Chapter 3Maximizing Financial Aid for Foster Youth
I didn’t receive much advice about college financial aid when I was a high school senior in foster care. It’s not that I expected people to hold my hand, but it would have been nice for someone to check in with me from time to time and point me in the right direction. As a first generation college student, I found the financial aid process extremely confusing. People would tell me different things and I didn’t know who to listen to.
I wanted to go to a private institution, but had no idea how to prepare a proper payment plan. As a youth in care, I didn’t have my social security number, birth certificate, or New York State identification. In fact, without these documents, I couldn’t get a job until I turned 19. As part of the financial aid verification process, the private college I wanted to attend requested a certain tax form. However, my financial aid advisor wasn’t sure how to help me, or how to process my eligibility and financial documentation, because I was a foster youth. I didn’t have the correct form, and as a result, I wasn’t awarded enough financial aid to go to the university of my choice. Although I knew I could transfer later, my dream had been to go away to college and have a more typical freshman year experience.
Financial aid can be a tricky process to navigate. I attended a FAFSA workshop during high school, but it wasn’t until I actually started filling out the forms that I realized how difficult it was to complete the application. I was somewhat relieved to see a checkbox where I could easily click “Ward of the State” and skip the awkward questions about my parents and annual household income. However, the next set of questions was much harder. It was frustrating and embarrassing to not know the things most kids could just ask their parents and be done with it.
After I made a mistake that messed up my FAFSA, I knew I had to find help or risk jeopardizing my enrollment at LaGuardia Community College. I reached out to the educational support staff at my foster care agency and the student assistants at my school’s FAFSA office. The main problem I continued to encounter was that no one seemed to know how to process my financial aid application or resolve issues that are very specific to students in foster care.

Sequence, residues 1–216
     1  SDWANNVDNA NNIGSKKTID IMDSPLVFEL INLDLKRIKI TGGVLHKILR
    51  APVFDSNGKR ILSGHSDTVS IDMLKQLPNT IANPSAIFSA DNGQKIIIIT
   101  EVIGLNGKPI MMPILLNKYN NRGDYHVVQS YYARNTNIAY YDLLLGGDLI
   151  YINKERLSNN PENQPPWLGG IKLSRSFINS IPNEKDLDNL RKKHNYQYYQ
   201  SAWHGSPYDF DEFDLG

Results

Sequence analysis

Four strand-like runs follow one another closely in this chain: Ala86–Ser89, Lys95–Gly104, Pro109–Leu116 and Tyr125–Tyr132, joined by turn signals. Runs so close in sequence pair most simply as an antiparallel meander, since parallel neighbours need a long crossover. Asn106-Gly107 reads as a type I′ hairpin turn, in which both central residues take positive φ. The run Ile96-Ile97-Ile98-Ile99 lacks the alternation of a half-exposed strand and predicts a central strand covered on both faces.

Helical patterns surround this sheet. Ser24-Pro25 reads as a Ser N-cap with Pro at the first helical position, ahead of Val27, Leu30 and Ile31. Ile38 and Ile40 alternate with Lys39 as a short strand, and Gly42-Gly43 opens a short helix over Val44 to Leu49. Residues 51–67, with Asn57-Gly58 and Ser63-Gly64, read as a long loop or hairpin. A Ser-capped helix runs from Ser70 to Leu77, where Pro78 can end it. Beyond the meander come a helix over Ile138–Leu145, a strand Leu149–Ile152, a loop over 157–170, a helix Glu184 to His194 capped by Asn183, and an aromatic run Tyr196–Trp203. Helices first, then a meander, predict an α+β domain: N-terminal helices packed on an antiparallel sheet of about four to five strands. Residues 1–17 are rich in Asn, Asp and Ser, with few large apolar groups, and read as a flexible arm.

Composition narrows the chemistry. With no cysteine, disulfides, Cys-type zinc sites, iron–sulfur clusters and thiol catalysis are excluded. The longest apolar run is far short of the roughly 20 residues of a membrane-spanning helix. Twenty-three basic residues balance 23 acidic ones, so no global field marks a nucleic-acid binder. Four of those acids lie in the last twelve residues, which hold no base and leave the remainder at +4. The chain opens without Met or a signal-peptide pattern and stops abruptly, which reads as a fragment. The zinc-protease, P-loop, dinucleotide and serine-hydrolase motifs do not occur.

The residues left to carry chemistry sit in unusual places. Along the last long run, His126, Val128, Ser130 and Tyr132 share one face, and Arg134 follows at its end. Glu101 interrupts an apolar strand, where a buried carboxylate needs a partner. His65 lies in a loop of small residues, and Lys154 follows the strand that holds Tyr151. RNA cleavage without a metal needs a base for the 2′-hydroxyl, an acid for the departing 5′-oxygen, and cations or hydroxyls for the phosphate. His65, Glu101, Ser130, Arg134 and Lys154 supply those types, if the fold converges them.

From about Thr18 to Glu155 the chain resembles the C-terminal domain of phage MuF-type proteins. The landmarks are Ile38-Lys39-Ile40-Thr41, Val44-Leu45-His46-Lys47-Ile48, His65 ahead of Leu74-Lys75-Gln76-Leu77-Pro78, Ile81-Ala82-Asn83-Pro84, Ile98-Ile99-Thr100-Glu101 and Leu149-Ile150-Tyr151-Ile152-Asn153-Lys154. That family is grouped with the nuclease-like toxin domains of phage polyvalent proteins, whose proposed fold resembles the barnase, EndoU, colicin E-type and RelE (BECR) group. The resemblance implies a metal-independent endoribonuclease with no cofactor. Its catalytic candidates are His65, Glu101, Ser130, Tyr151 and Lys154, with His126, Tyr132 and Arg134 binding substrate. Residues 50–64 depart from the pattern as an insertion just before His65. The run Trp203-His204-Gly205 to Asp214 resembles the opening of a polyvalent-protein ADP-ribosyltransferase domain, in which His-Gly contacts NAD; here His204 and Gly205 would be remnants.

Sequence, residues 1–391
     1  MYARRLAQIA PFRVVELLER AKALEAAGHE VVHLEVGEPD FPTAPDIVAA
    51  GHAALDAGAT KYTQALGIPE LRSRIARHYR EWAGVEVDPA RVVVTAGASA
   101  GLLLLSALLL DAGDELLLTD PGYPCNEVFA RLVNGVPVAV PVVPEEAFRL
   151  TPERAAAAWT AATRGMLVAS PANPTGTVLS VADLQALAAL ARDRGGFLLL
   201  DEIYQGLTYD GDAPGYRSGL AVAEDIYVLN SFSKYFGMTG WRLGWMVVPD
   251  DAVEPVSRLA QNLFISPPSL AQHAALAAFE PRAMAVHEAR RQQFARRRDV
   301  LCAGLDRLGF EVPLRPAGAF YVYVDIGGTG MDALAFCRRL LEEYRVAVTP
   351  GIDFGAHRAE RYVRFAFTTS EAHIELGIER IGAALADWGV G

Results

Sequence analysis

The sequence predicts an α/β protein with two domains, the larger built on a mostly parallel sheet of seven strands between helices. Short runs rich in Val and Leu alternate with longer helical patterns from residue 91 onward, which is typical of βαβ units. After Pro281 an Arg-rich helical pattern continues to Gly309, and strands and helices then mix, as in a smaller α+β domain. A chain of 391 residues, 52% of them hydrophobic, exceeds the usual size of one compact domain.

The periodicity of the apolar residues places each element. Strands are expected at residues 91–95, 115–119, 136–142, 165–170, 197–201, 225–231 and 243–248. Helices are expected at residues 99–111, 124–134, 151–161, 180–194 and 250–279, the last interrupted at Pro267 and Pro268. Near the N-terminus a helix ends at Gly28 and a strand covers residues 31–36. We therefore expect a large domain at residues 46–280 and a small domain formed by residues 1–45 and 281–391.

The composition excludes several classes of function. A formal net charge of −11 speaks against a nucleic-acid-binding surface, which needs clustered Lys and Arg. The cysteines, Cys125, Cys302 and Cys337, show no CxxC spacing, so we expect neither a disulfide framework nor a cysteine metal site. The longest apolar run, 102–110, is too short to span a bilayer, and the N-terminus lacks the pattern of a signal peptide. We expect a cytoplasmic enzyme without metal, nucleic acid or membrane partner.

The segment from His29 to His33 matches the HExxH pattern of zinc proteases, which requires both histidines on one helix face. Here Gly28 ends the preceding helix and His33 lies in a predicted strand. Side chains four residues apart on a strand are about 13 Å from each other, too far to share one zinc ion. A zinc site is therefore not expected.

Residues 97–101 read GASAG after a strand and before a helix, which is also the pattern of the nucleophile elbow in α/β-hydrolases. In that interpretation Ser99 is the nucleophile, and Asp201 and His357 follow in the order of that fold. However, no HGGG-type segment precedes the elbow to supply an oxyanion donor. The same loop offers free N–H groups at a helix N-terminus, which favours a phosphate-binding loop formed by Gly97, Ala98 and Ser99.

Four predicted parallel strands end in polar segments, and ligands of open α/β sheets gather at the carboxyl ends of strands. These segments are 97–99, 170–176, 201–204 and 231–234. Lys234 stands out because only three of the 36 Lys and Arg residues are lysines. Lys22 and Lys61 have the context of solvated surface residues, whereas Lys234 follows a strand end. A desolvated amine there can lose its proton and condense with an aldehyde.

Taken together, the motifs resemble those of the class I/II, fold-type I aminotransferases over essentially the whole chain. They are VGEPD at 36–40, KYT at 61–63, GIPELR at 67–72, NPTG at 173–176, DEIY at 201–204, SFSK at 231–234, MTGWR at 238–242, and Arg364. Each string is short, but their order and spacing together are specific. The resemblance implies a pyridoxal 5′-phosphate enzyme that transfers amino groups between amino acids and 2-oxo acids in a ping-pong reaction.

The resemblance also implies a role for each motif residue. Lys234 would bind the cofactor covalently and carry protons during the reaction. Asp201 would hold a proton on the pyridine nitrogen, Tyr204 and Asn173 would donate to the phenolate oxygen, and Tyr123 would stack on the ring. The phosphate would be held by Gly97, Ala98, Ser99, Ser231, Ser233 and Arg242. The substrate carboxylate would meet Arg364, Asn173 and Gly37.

Youth in care may be more reluctant to share personal details than most financial aid applicants. We feel the harsh stigma of being in care, so we tend to protect our privacy. We fear being judged by people who don’t fully understand our situations. This is why it is especially important for campus staff to be patient and respectful as they work with students who have experienced foster care.
Financial aid is available, but it can be hard to find. I wish schools would do more to promote all campus services available to students with a foster care background. I missed out on several opportunities early on that would have improved my college experience sooner. I mostly found out about programs from other foster youth on campus, or through my academic advisor. It would have been much more helpful to have a centralized place on campus to pick up essential financial aid information. Even when you discover a resource, the application process is still challenging. Campus staff can support students by helping with financial aid forms and by providing reminders about upcoming application and renewal deadlines.
As I look back, I’m grateful for how everything turned out for me. Although it was my backup plan, I saved money by attending community college, where I earned my associate degree. I felt more prepared and also secured several scholarships before transferring to SUNY New Paltz. Still, I often wonder what would have happened if I had started college as a freshman at the 4-year school of my choice. For example, living in a dorm is a great way to bond with other students. Did I miss opportunities to make close lifelong friendships? College is first and foremost about getting an education, but it’s also a time to connect with new people and develop important social skills youth in care typically lack.
Ericka Francois is a senior at SUNY New Paltz, where she is studying Journalism and Psychology. An accomplished student, she has received numerous scholarships in recognition of her academic achievements. Ericka is a passionate writer and advocate who uses her talents to connect with her peers, serve as a role model, and promote positive systemic change for youth in foster care. She has shared her reflections on growing up in foster care at advocacy events for the Fostering Youth Success Alliance. She applied her interviewing and writing skills as an intern for the NYC Administration for Children’s Services and the Redlich Horwitz Foundation. Ericka also was a youth journalist for Youth Communications, and has presented at several child welfare events, conferences, panels, and luncheons. She is a Brian Donovan Fellow and hopes to pursue a career in broadcast or print journalism after graduation.